muscle tissue fibers
The bundles of muscle tissue that form a muscle.
Muscles are bundles of parallel muscle tissue fibers. As there fibers contract (shorten in length) they pull whatever they are attached to closer together. This may move two bones closer together or make an opening more narrow. A muscle contraction occurs when a message is transmitted from the brain through the nervous system to the muscles.
The involuntary muscle found in the heart.
Muscles under the control of the subconscious regions of the brain. The smooth muscles found in internal organs and cardiac muscles are examples of involuntary muscle tissue.
A voluntary muscle that is attached to bones by a tendon.
An involuntary muscle found in internal organs such as the digestive organs or blood vessels.
Muscles that a person can consciously choose to contract. The skeletal muscles of the arm and leg are examples of this type of muscle.
Connective tissue that wraps muscles. It tapers at each end of a skeletal muscle to form tendons.
Nerves that carry activity instruction from the CNS to muscles or glands out in the body; also called efferent neurons.
The point at which a nerve contacts a muscle fiber.
Another name for skeletal muscle referring to its striped appearance under the microscope.
The strong connective tissue cords that attach skeletal muscles to bones.
The muscle found in the walls of internal organs such as the stomach.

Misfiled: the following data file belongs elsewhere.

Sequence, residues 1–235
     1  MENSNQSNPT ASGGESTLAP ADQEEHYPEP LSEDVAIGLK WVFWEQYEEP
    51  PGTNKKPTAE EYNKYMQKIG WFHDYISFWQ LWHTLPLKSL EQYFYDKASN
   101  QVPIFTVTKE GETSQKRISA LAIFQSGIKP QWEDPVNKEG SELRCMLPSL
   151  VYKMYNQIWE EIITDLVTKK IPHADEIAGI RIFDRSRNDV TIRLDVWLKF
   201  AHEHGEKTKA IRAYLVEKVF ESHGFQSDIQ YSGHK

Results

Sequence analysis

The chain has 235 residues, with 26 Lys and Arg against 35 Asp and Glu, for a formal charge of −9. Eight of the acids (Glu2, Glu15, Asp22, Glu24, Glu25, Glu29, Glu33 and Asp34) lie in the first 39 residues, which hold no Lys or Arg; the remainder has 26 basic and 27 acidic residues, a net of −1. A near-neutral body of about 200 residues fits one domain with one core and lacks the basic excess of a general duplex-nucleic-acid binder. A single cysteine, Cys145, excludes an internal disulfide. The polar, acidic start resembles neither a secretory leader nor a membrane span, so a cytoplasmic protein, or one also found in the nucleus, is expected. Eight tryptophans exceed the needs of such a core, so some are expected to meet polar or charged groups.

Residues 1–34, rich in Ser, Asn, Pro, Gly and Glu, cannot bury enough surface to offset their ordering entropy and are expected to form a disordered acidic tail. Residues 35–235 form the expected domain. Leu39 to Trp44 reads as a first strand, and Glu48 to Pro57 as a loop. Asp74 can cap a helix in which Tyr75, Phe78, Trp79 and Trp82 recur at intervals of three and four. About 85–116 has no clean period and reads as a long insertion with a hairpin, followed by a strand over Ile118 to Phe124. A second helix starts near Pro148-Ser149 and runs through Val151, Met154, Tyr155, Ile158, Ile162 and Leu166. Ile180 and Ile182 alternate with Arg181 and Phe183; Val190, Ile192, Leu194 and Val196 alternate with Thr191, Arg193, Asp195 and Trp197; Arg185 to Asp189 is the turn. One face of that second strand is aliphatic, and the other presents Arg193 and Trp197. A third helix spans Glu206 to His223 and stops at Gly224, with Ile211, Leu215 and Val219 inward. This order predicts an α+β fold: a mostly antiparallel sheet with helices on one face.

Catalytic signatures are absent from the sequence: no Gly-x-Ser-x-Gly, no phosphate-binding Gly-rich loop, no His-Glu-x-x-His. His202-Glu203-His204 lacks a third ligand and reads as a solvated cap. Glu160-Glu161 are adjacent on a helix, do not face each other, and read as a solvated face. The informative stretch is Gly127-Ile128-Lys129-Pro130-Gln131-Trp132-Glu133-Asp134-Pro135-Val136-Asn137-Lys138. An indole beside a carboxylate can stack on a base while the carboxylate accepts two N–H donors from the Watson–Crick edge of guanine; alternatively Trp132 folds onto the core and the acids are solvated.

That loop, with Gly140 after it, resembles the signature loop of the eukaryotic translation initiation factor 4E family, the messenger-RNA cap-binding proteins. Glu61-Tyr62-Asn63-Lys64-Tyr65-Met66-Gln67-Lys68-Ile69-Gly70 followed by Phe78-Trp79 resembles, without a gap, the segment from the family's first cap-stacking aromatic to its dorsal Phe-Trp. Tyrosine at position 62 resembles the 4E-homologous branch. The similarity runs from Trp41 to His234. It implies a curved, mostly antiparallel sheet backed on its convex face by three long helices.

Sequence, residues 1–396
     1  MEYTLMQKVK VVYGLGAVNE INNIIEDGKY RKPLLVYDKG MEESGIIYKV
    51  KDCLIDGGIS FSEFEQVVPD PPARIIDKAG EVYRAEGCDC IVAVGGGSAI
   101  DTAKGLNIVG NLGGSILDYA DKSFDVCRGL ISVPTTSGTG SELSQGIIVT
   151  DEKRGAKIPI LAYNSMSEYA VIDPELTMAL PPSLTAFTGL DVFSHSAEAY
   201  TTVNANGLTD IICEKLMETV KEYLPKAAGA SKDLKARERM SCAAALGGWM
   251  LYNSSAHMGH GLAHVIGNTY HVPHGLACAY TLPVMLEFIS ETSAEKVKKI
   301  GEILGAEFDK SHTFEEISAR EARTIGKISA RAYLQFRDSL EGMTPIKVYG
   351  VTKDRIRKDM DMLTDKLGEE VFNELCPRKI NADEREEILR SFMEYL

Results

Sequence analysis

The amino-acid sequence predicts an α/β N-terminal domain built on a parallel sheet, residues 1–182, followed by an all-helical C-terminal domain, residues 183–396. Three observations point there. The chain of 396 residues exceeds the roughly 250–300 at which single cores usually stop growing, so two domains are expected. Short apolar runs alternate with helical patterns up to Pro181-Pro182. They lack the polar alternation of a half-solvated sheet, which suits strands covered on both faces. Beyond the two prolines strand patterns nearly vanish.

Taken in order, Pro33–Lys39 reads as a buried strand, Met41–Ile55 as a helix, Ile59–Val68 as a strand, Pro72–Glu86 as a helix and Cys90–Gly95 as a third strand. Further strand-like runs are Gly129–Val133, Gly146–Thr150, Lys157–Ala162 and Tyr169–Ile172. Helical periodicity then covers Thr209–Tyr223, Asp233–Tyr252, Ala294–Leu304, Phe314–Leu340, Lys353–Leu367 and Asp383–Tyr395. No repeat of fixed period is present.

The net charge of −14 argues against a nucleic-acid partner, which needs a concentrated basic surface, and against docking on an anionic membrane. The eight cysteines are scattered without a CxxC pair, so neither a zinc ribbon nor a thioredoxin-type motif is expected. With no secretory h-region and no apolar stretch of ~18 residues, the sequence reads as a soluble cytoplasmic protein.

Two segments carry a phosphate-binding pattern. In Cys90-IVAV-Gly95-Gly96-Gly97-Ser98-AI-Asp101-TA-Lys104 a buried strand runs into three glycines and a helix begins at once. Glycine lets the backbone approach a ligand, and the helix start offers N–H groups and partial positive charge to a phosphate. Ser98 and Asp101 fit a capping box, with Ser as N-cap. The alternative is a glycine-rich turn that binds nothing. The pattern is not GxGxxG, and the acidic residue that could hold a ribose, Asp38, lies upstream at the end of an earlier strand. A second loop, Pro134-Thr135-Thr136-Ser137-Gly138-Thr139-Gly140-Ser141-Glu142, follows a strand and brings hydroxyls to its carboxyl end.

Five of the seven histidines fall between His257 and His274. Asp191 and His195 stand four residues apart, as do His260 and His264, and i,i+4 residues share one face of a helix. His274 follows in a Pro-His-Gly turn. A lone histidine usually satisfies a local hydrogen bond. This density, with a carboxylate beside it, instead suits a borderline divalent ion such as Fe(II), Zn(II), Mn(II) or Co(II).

The middle layer of the muscle. It is thick and composed of cardiac muscle. This layer produces the heart contraction.
An arm muscle named for the number of attachment points. Bi- means two and biceps have two heads attached to the bone.
A muscle named for its action, extension.
A muscle named for the direction of its fibers, on an oblique angle.
A muscle named for its action, flexion.
A muscle named for its size and location: gluteus means rump area and maximus means large.
A muscle named for its location and the direction of its fibers: rectus means straight and abdominis means abdominal.
Muscle named for its attachments, the sternum, clavicle, and mastoid process.
The type of movement a muscle produces.
Pair of muscles arranged around a joint that produce opposite actions.
The attachment of a skeletal muscle to the more movable bone in the joint.
The attachment of a skeletal muscle to the less movable bone in the joint.